'Inhuman Land is a gripping and heartrending depiction of the Soviet Union at war in the years 1941–43. Equipped with a perfect knowledge of Russian, Józef Czapski was able to describe the USSR in all its cruel complexity, alert both to the brutality of Soviet power and the generosity of ordinary Russians. Here Czapski reveals himself as one of the great witnesses of the twentieth century' – Anka Muhlstein
In 1941, when Germany turned against the USSR, tens of thousands of Poles – men, women, and children who were starving, sickly, and impoverished – were released from Soviet prison camps and allowed to join the Polish Army being formed in the south of Russia. One of the survivors who made the difficult winter journey was the painter and reserve officer Józef Czapski.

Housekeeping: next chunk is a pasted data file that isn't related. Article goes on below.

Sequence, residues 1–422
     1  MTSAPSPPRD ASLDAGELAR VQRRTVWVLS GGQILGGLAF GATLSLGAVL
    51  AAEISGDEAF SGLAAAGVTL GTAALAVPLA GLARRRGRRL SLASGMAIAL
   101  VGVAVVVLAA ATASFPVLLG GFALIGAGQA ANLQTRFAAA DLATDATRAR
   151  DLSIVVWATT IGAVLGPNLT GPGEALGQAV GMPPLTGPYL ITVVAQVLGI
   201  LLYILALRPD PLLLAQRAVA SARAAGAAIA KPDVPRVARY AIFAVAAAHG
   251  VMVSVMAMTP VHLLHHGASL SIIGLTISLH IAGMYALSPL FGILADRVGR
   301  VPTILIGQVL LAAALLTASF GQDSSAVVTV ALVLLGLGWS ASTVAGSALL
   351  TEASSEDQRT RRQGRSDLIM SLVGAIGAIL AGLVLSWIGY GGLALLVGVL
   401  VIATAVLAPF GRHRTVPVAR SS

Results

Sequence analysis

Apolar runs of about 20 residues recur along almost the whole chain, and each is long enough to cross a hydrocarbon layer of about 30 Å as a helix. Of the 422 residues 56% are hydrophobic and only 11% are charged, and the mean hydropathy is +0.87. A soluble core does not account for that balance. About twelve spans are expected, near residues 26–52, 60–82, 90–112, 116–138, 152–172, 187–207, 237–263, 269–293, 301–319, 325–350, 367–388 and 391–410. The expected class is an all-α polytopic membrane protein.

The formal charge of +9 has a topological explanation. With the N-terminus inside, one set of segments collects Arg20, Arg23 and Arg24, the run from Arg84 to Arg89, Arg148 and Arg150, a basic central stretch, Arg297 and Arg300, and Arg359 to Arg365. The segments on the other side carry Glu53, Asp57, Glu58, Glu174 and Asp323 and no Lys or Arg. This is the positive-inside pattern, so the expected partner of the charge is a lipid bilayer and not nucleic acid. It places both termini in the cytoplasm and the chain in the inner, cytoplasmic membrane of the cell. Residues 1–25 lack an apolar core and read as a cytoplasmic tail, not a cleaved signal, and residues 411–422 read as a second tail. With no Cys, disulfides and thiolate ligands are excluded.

General Anders, the army’s commander in chief, assigned Czapski the task of receiving the Poles arriving for military training; gathering accounts of what their fates had been; organising education, culture, and news for the soldiers; and, most importantly, investigating the disappearance of thousands of missing Polish officers. Blocked at every level by the Soviet authorities, Czapski was unaware that in April 1940 many officers had been shot dead in Katyn forest, a crime for which Soviet Russia never accepted responsibility.
Czapski’s account of the years following his release from the camp and the formation of the Polish Army, and its arduous trek through Central Asia and the Middle East to fight on the Italian Front, offers a stark depiction of Stalin’s Russia at war and of the suffering, stoicism, and bravery of his fellow Poles. A work of clear observation and deep compassion, Inhuman Land is one of the twentieth century’s indispensable acts of literary witness.